Monday, 10 December 2018

Review: Spider-Man - Into The Spider-Verse

Spider-Man: Into The Spider-Verse (2D)
Cert: PG / 117 mins / Dir. Peter Ramsey, Bob Persichetti & Rodney Rothman / Trailer

Now, as some readers may recall, I wasn't exactly going a bunch on the trailers and previews for Sony Animation's new franchise-milker Spider-Man: Into The Spider-Verse. I like ol' web-head, although he's far from my favourite Marvel hero, but this looked like it was going to be a two-hour migraine. In fact, it's probably not unfair to say that the more I saw, the more cautious I became at the prospect of watching the entire movie. But I digress; to the pitch...


Teenager Miles Morales is struggling to fit it, both at school and at home. Bitten by a radioactive spider as he sprays graffiti in a subway, he meets Peter Parker and begins to realise he now has the potential to be New York's next superhero. But with Kingpin's subordinates attempting to build a machine which bridges alternate universes, a rift in the spacetime continuum causes other iterations of Spider-Man to appear in Morales' city. Together, the heroes attempt to destroy Kingpin's creation and return to their own realities before everything is ripped apart. But Morales has a learning-curve to climb first...

So, good things first. The film is ambitious both in scope and execution, an increasing rarity in the superhero genre as it becomes more crowded. As potentially confusing as the narrative is, everything is laid out clearly yet not over-explained, and the well-directed voice performances sell everything in between, so that even if the audience misses some of the minutiae, the emotion of each scene comes over neatly.


But. Into The Spider-Verse is, as suspected, a headache-inducing two hour funfair ride which feels like trying to burn out a fever by washing down bags of Haribo with Sunny Delight. Sony's handling of Spider-Man as a property has been 'scattershot' for a long time now, and this broad sweep feels like someone in an office calling down to the writing-room for brighter colours and more Easter Eggs, irrespective of what the movie might need.

The art-style and character designs are gorgeous, but let down by an ADHD approach to pacing and soundtracking, with distractingly framey animation. The film often looks like it's been rendered in 12fps in a bid to save time and money. And on top of the 100%-saturation palette, there's so much stylised ghosting and blurring, alternating between background and foreground objects that I genuinely kept wondering if I'd accidentally booked the 3D screening and walked in without glasses (alas I would have seen this in 3D, but the timings didn't work out now that cinemas aren't prioritising stereoscopic screenings any more).

Phil Lord and Rodney Rothman's screenplay is very self-aware, but in all honesty I think that DC's Teen Titans Go! To The Movies played the existential comedy card with more charm. And that's a sentence that me from twelve months ago didn't think I'd ever be typing (although Aquaman lands later this week so let's not get too excited, eh?).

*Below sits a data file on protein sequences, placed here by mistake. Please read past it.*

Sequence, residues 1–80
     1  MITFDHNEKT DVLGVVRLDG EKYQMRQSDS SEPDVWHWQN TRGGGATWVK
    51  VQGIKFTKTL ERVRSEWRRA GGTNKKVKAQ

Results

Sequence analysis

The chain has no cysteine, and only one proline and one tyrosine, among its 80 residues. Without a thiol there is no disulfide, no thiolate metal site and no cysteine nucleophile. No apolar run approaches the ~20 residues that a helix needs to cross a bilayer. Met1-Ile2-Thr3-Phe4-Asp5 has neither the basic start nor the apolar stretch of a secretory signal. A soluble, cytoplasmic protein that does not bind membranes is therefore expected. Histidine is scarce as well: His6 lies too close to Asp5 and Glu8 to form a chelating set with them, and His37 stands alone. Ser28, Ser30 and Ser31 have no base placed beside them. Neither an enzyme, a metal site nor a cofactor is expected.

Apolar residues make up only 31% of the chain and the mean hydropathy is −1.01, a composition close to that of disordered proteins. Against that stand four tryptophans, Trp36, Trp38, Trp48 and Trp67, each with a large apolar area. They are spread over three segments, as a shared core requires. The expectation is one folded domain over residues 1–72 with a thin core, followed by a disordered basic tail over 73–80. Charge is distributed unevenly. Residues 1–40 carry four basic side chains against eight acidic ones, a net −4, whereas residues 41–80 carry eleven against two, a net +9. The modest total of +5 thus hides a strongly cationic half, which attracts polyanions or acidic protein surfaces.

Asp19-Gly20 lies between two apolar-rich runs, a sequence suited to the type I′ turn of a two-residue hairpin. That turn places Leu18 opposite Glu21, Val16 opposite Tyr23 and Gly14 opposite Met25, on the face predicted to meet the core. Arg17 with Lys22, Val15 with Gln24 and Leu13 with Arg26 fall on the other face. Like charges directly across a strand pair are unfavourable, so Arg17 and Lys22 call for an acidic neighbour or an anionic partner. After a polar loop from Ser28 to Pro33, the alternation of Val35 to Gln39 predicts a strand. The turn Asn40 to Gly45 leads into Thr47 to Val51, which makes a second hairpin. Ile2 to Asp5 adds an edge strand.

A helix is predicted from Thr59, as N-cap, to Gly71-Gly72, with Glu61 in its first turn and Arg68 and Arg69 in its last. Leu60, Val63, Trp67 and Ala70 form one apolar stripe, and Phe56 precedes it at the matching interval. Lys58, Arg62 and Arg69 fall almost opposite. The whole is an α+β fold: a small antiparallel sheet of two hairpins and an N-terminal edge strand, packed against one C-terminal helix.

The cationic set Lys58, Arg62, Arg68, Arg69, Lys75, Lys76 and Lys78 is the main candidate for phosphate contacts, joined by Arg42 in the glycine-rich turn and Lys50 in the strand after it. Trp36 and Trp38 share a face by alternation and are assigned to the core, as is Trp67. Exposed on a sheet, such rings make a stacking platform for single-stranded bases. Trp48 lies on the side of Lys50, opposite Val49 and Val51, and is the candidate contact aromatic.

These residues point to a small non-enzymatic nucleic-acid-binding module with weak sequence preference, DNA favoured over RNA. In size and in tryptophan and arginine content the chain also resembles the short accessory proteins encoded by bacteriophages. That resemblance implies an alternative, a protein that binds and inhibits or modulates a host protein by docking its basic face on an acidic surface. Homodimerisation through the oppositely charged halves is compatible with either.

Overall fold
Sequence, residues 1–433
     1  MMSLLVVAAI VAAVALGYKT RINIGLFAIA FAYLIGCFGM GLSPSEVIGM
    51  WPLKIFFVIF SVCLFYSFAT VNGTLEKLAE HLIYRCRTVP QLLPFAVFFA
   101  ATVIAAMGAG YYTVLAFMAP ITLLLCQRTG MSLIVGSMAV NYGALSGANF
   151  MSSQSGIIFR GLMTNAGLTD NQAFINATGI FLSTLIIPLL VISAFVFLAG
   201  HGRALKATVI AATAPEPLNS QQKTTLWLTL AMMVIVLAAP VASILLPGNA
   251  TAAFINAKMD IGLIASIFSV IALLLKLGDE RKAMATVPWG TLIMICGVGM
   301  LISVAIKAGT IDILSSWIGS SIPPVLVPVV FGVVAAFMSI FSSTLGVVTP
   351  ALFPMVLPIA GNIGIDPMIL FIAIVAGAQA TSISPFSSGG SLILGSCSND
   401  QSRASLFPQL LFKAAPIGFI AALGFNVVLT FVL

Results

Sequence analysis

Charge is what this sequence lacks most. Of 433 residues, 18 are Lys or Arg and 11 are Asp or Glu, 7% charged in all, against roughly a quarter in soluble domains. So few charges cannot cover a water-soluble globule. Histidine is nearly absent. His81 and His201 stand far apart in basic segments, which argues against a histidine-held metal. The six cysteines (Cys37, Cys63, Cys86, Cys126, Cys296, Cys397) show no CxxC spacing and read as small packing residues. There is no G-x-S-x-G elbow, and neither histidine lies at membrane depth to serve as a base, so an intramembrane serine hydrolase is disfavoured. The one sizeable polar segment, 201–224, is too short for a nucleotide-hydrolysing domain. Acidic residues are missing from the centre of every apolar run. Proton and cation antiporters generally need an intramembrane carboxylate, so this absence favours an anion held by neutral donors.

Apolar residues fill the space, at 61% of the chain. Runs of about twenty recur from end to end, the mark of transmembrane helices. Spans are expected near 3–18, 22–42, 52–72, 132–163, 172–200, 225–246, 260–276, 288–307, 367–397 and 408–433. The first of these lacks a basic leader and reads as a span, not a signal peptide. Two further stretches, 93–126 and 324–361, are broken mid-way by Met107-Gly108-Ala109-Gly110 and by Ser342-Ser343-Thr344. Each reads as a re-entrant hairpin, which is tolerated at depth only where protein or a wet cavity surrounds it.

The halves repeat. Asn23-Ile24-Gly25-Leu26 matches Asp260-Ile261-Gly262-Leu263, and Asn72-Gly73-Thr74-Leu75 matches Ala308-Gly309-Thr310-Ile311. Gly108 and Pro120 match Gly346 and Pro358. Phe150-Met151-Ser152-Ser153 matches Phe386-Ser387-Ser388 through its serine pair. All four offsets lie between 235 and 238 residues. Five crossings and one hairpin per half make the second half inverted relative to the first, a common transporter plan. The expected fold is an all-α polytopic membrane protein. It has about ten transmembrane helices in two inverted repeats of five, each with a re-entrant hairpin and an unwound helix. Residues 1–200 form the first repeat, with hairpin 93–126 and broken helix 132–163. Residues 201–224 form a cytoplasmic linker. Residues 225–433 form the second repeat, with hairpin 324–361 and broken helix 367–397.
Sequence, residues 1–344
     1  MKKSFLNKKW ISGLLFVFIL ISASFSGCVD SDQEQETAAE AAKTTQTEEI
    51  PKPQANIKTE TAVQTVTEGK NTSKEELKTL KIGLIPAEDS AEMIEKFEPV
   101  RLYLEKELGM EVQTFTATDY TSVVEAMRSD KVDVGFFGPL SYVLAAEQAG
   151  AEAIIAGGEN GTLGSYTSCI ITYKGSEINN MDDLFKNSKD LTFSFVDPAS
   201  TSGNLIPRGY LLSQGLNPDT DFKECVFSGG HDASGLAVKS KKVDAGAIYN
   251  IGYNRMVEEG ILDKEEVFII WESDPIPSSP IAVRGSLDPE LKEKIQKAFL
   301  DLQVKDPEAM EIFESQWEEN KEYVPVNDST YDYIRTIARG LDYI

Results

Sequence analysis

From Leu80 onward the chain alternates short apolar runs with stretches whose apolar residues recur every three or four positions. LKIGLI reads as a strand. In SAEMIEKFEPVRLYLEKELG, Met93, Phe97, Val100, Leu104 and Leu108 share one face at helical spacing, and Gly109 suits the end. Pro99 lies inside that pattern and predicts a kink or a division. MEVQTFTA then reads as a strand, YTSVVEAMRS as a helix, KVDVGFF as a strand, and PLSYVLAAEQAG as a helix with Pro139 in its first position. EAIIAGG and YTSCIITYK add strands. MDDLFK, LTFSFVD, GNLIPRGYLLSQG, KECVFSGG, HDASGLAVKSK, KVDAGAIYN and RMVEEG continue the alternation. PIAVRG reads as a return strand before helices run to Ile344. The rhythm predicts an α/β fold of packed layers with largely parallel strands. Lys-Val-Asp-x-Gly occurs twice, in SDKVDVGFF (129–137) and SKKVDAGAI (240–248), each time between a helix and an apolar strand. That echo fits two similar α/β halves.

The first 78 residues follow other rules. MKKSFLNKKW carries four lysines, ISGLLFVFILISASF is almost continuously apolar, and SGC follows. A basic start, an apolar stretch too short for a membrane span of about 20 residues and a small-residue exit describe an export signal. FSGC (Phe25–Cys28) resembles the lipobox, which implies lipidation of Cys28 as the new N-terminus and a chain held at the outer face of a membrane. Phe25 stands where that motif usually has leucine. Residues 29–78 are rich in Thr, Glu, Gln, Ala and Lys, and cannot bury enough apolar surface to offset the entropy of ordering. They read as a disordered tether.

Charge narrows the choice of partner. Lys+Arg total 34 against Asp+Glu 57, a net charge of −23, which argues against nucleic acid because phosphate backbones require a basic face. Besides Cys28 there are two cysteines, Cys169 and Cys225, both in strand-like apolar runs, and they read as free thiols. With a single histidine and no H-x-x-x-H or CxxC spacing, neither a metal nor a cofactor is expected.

I like that this is Sony playing with the multiple threads of Spider-Man continuity, but Spider-Verse doesn't so much tie those together as just point out that they all exist. It feels a lot like a feature-length pilot for a dimension-hopping anthology series, in which case it would serve its purpose very well. But I'm not sure how much a casual audience is going to get on with the intricate in-jokes and frenetic presentation.

All in all, Spider-Man: Into The Spider-Verse reminded me that I am a middle-aged man and that not all cartoons are made for me nowadays. Which is fair enough. The film's engaging enough while it's on*1, but I'm forgetting it already…

The business-end:

Is there a Wilhelm Scream? Not sure, really.
Is there a Stan Lee cameo? There is.
Is there a mid-credits scene? Nothing animated, but a great message.
Is there a post-credits scene? There is.

So, what sort of thing is it similar to?
Thematically, Teen Titans Go! To The Movies.
Visually, a migraine

Is it worth paying cinema-prices to see?
If you're going to watch it at all, go big or go home.

Is it worth hunting out on DVD, Blu-ray or streaming, though?
It is, but you won't get the full effect.
Which may not be the worst thing in the world

Is this the best work of the cast or director?
I have no idea

Although while we're on the subject, it's nice that Nic Cage has now voiced a Superman and a Spider-Man, this year. This is a trend I hope and expect to continue

Will we disagree about this film in a pub?
That's entirely possible.

Is there a Wilhelm Scream in it?
Didn't hear one, but heard more than one like it.

Yeah but what's the Star Wars connection?
Level 1: The voices of Poe Dameron, Quinlan Vos and Major Vonreg are in this.

And if I HAD to put a number on it…

*1 However you end up reacting to Into The Spider-Verse, boredom will be the last thing you feel. [ BACK ]

• ^^^ That's dry, British humour, and most likely sarcasm or facetiousness.
• Yen's blog contains harsh language and even harsher notions of propriety. Reader discretion is advised.
• This is a personal blog. The views and opinions expressed here represent my own thoughts (at the time of writing) and not those of the people, institutions or organisations that I may or may not be related with unless stated explicitly.

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